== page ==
- It eliminates the Sustainable Growth Formula and extends CHIP
Most everyone agrees that Sustainable Growth Rate (SGR) - the payment formula for Medicare physicians that MACRA replaces – was a flawed, dysfunctional reimbursement payment method that left the Medicare program unstable and jeopardized access to care.
By passing the MACRA law, congress prevented a 21 percent payment cut for services provided to Medicare recipients and helps ensure availability of doctors who are willing to accept Medicare payments. Congress passed SGR in 1997 as a way to control rising Medicare costs. The law pegged Medicare doctor payments to an economic growth target – SGR. By 2002 however, costs were rising faster than the SGR and doctors were faced with a nearly 5% pay cut. Medicare physicians have faced a cut every year since causing many of them consider opting out of the Medicare program.
MACRA also extends funding for the Children’s Health Insurance Program (CHIP), a program created in 1997 that provides coverage for children of low and moderate-income families with incomes too high to qualify for Medicaid.
- It focuses on improved patient outcomes
MACRA continues the shift from a fee-for-service payment model to value-based care reimbursement. Whether they choose to participate in an Accountable Care Organization (ACO) or head down the MIPS path, providers have the same mandate: improve patient care. Two of the four MIPS categories, accounting for 65 percent of the composite score that will determine bonuses and penalties, focuses on improving care and achieving enhanced patient outcomes.
Quality makes up 50 percent of the score and mandates reporting on key designated clinical measures tied to outcomes and population health. Clinical Practice Improvement Activities (CPIA) stresses the use of a patient-centered approach to program development that leads to better, smarter, and healthier care. It makes up 15% of the score and is based on improvement in nine categories including care coordination, patient safety and practice assessment, and population management.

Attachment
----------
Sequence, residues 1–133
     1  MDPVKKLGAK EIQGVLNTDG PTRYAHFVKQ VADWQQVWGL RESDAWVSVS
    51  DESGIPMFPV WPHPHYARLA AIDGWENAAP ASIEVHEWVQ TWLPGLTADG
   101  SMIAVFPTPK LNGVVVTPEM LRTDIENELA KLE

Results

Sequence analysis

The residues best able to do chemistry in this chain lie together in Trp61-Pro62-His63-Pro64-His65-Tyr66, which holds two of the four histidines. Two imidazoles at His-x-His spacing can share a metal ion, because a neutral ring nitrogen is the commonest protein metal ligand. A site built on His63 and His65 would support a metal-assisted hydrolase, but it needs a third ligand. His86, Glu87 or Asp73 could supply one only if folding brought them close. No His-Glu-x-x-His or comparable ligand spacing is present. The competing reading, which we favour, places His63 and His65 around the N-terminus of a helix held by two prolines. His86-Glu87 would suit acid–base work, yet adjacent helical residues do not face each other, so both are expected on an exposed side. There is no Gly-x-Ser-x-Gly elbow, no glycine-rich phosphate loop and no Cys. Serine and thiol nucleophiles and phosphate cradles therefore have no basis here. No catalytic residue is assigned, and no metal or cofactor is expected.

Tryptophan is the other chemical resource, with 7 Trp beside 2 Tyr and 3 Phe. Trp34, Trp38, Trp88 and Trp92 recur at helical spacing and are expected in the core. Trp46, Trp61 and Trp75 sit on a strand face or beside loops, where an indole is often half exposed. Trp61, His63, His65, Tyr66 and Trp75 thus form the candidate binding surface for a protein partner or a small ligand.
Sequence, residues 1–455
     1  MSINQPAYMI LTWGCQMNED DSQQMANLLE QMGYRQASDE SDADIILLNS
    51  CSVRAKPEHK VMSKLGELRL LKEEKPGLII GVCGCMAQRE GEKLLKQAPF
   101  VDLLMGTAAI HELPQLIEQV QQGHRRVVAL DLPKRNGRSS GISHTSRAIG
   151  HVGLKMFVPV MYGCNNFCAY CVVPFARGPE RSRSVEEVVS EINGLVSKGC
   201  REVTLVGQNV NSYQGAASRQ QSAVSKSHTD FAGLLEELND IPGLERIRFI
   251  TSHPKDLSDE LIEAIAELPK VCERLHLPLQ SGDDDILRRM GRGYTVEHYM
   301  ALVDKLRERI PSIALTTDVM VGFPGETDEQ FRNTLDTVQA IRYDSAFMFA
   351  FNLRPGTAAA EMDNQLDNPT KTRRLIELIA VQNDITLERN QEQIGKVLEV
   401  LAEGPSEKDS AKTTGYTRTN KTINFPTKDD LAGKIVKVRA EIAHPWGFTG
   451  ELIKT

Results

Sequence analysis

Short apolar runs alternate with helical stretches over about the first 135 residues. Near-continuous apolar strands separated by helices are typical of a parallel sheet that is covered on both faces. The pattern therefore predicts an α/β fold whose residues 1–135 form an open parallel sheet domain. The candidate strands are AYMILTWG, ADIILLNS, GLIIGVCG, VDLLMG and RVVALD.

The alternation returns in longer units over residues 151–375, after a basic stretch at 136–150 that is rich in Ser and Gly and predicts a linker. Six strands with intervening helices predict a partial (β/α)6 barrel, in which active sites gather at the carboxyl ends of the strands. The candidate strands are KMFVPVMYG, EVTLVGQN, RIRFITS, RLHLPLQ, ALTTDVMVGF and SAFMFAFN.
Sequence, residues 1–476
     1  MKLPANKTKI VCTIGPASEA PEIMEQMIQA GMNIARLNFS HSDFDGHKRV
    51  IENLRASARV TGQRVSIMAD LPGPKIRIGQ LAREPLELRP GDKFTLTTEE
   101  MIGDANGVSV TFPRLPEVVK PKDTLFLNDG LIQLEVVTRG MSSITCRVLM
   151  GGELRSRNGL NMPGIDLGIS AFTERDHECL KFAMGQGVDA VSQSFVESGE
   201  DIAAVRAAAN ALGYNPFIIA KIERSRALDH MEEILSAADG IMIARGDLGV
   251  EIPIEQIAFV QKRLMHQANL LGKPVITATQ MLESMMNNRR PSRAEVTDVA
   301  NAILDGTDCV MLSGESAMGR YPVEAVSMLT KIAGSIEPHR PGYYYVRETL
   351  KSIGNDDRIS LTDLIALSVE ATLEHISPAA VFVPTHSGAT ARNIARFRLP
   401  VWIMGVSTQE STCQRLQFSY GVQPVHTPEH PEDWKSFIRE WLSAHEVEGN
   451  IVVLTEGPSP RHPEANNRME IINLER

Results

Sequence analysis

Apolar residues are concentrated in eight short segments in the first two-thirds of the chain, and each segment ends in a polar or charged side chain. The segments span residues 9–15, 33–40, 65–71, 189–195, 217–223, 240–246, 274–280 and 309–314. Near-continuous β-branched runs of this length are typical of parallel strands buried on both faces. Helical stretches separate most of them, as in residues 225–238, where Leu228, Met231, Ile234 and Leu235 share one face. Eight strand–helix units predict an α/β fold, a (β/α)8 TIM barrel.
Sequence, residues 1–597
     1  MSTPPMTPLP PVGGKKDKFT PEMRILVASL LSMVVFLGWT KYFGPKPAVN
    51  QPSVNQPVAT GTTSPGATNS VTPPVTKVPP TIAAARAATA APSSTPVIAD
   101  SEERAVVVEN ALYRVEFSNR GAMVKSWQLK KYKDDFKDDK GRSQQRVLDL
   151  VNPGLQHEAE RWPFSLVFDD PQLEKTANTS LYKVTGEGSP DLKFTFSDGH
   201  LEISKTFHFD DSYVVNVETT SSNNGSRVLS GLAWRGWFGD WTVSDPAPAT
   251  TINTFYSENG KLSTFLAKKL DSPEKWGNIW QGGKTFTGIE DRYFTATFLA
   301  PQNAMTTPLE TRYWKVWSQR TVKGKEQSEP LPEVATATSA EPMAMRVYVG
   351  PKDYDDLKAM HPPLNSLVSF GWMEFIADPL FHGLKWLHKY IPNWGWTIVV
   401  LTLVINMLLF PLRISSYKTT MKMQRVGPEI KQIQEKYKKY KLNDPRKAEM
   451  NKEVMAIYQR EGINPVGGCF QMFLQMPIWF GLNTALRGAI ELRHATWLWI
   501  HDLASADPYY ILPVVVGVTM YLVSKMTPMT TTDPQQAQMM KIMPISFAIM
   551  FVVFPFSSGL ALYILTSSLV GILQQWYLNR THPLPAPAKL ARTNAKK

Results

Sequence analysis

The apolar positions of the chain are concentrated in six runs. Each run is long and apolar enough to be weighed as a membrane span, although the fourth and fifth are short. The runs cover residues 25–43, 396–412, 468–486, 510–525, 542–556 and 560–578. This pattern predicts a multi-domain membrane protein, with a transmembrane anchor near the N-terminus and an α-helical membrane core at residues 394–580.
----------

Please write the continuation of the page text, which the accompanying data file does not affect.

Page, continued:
Both the quality and CPIA categories require extensive reporting, the source of discontent for many physicians. However metrics tend to drive action so being held accountable for these improvement measures is essential.
- It stresses improved use of technology
It’s clear that achieving the goal of improved, affordable healthcare relies on increased use of technology. Gathering, analyzing, and sharing key patient data is critical to improving patient outcomes and lowering overall costs.
One of the most significant obstacles to the use of technology is lack of interoperability – systems simply don’t talk to each other well. The MIPS Advancing Care Information (ACI) category aims to change that by continuing to support the foundational objectives of the HITECH Act and Meaningful Use, and to encourage continued progress on key issues such as health information exchange (HIE) and patient engagement. The goal is to focus less on a checklist of “to-do’s” and more on a fundamental shift in the use of healthcare data.
Increased use of technology means more available data and so patient data security is a key component of ACI. The Protecting Patient Health Information requirement requires a yes or no response, and if an organization can’t answer yes, they get ZERO points for the entire ACI category, regardless of how well they meet other measures.
ACI, which accounts for 25 percent of the overall score, incorporates many of the EHR incentive elements and effectively replaces Meaningful Use.
Undoubtedly, there are flaws in MACRA and its overly aggressive timeline is probably untenable, but there are positives in the law. The goal must be for the government and healthcare industry to work together to find a way to achieve the goals of MACRA without unduly stressing the providers and their day-to-day operations.
For more information on MACRA, feel free to download our white paper, MACRA Prep: Timeline, Decisions and Planning: What You Need to Know.
 Docs to CMS: MACRA is too complex and should be delayed, by Gregory Twachtman, Family Practice News, July 9, 2016.
 As MACRA comment period winds down, MIPS scoring is ‘mathematical marvel,’ MGMA tells CMS, by Jessica Davis, Healthcare IT News, June 27, 2016.
 Survey finds half of physicians have never heard of MACRA, by Joanne Finnegan, FierceHealthcare, July 14, 2016.
 CMS could delay MACRA start date, Slavitt suggests, by Joanne Finnegan, FierceHealthcare, July 13, 2016
 MACRA: Pros and Cons of Medicare Reform Law Medicare Access and CHIP Reauthorization Act of 2015, by Jerry Shaw, Newsmax, June 20, 2015.